A party "may renew its request for judgment as a matter of law by filing a motion no later than 10 days after entry of judgment[.]" Fed. R. Civ. P. 50(b). Judgment as a matter of law is appropriate only where "a party has been fully heard on an issue and there is no legally sufficient basis for a reasonable jury to find for [the non-moving] party on that issue." Fed. R. Civ. P. 50(a)(1). When considering such a motion, a district court should review all of the evidence in the record and draw all reasonable inferences in favor of the nonmoving party, but may not make credibility determinations or weigh the evidence. Thomas v. Mineta, 310 F. Supp. 2d 198, 204 (D.D.C. 2004) (citing Reeves v. Sanderson Plumbing Products, Inc., 530 U.S. 133, 149 (2000)). "Accordingly, the court 'must disregard all evidence favorable to the moving party that the jury is not required to believe.'" Id.

In the District of Columbia, a plaintiff may recover for negligent infliction of emotional distress if the plaintiff proves (1) that the plaintiff suffered either a physical impact or was within the zone of danger of the defendant's actions, (2) that the plaintiff suffered emotional distress that was serious and verifiable, and (3) that the defendant acted negligently. see Bernstein v. Roberts, 405 F.Supp.2d 34, 41 (D.D.C. 2005); see also Jones v. Howard University, 589 A.2d 419, 424 (D.C. 1991). With regard to establishing a serious and verifiable injury, the D.C. Court of Appeals has said:

The fact that the different forms of emotional disturbance are accompanied by transitory, non-recurring physical phenomena, harmless in themselves, such as dizziness, vomiting, and the like, does not make the actor liable where such phenomena are in themselves inconsequential and do not amount to any substantial bodily harm. On the other hand, long-continued nausea or headaches may amount to physical illness, which is bodily harm; and even long continued mental disturbance, as for example in the case of repeated hysterical attacks, or mental aberration, may be classified by the courts as illness, notwithstanding their mental character.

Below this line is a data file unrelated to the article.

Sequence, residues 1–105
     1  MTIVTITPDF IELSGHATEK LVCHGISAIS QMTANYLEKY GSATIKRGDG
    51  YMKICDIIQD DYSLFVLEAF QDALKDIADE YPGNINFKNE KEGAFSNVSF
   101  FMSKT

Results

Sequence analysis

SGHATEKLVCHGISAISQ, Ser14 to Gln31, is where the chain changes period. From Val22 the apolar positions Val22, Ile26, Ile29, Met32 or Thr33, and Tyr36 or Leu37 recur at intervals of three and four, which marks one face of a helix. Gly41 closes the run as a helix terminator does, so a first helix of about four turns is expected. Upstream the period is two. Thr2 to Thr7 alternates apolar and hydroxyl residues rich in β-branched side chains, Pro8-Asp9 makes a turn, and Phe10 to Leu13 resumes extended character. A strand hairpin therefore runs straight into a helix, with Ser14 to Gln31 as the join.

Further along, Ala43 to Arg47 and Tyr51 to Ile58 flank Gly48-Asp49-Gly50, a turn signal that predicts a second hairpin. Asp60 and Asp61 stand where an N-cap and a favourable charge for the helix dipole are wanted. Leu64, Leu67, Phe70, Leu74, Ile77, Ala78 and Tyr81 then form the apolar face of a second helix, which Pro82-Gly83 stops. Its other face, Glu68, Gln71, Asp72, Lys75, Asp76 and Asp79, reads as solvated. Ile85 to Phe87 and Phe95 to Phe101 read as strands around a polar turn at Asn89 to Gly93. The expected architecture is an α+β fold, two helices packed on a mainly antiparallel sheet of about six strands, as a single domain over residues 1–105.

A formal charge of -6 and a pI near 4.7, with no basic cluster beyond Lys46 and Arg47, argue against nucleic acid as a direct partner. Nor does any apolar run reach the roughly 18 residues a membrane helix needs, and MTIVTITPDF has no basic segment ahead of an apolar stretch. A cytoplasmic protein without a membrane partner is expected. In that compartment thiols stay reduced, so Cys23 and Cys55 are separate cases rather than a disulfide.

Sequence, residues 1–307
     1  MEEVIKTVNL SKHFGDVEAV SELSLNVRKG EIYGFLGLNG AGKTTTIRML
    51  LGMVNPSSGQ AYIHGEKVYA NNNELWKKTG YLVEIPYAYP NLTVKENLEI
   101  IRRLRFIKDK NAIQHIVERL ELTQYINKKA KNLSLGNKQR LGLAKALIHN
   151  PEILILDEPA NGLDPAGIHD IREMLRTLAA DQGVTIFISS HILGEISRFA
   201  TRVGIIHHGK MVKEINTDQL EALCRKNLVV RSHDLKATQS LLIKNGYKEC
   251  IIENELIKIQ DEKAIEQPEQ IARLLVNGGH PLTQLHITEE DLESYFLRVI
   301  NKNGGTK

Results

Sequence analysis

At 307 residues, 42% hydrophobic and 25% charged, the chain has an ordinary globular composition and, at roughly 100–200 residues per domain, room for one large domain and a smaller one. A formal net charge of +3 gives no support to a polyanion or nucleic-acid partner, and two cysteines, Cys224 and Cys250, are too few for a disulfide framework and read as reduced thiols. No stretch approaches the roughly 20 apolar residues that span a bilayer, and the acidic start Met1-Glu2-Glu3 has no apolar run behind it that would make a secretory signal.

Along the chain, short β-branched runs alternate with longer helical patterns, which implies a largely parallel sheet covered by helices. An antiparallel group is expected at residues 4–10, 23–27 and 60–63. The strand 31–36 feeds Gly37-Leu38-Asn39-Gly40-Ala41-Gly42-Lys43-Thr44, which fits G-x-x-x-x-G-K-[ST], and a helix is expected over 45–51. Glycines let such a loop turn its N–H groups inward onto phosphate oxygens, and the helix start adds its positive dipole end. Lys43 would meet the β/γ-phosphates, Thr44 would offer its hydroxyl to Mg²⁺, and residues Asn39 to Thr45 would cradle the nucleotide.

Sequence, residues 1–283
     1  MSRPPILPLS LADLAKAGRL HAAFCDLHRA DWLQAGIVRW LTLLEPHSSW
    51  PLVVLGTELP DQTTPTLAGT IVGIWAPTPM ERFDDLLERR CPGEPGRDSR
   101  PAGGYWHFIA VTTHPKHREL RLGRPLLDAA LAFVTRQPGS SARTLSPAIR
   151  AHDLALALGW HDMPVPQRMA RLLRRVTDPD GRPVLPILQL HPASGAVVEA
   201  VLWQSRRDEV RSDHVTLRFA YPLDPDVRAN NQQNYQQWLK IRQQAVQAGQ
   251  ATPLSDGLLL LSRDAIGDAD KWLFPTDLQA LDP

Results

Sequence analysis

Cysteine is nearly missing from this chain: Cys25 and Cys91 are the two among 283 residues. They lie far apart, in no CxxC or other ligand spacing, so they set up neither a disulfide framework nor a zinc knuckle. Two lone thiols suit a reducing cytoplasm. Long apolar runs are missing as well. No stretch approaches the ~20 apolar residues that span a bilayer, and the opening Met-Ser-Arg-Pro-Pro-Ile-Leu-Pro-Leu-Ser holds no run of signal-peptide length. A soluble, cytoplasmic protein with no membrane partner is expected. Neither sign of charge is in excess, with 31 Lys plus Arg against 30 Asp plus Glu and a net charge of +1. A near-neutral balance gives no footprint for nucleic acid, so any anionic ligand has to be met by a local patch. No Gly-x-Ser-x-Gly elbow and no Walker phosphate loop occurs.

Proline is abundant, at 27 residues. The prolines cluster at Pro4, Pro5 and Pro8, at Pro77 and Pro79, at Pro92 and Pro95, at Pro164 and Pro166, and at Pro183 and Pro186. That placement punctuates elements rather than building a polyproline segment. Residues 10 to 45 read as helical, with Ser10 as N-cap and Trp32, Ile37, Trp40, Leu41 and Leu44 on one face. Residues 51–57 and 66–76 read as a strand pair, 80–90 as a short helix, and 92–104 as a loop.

Williams v. Baker, 572 A.2d 1062, 1068 (D.C. 1990) (quoting Restatement (Second) of Torts § 436A cmt. c).

Here, Pourshayegan presented sufficient evidence for a reasonable jury to conclude that she suffered a serious and verifiable injury. Pourshayegan testified that the incident at the hospital "affects me to this day. I dream about it. I can't sleep." (Trial Tr. at 21, Apr. 27, 2005.) In addition, David testified that Pourshayegan "cries a lot" because of the incident. (See CNMC's Mem. P. & A. in Supp. of Mot. for J. as a Matter of Law at 6; Pourshayegan's Opp'n at 6.) From this testimony, the jury could have reasonably inferred that Pourshayegan had experienced recurring nightmares, sleeplessness, and crying spells since the night of the incident on June 11, 2001. As the D.C. Court of Appeals explained, long-lasting physical phenomena -- in this case, recurring nightmares, sleeplessness and crying spells lasting four years -- may amount to a cognizable injury under the tort of negligent infliction of emotional distress. See Williams, 572 A.2d at 1068; cf. District of Columbia v. McNeill, 613 A.2d 940, 944 (D.C. 1992) (holding a plaintiff's shock and recurring nightmares amounted to cognizable emotional injuries in a wrongful death and survival action).*fn1

CONCLUSION AND ORDER

Pourshayegan presented sufficient evidence at trial for a reasonable jury to find that she suffered serious and verifiable emotional distress caused by CNMC's negligence. Accordingly, it is hereby ORDERED that CNMC's motion [60] for judgment as a matter of law be, and hereby is, DENIED.

SIGNED this 5th day of June, 2006.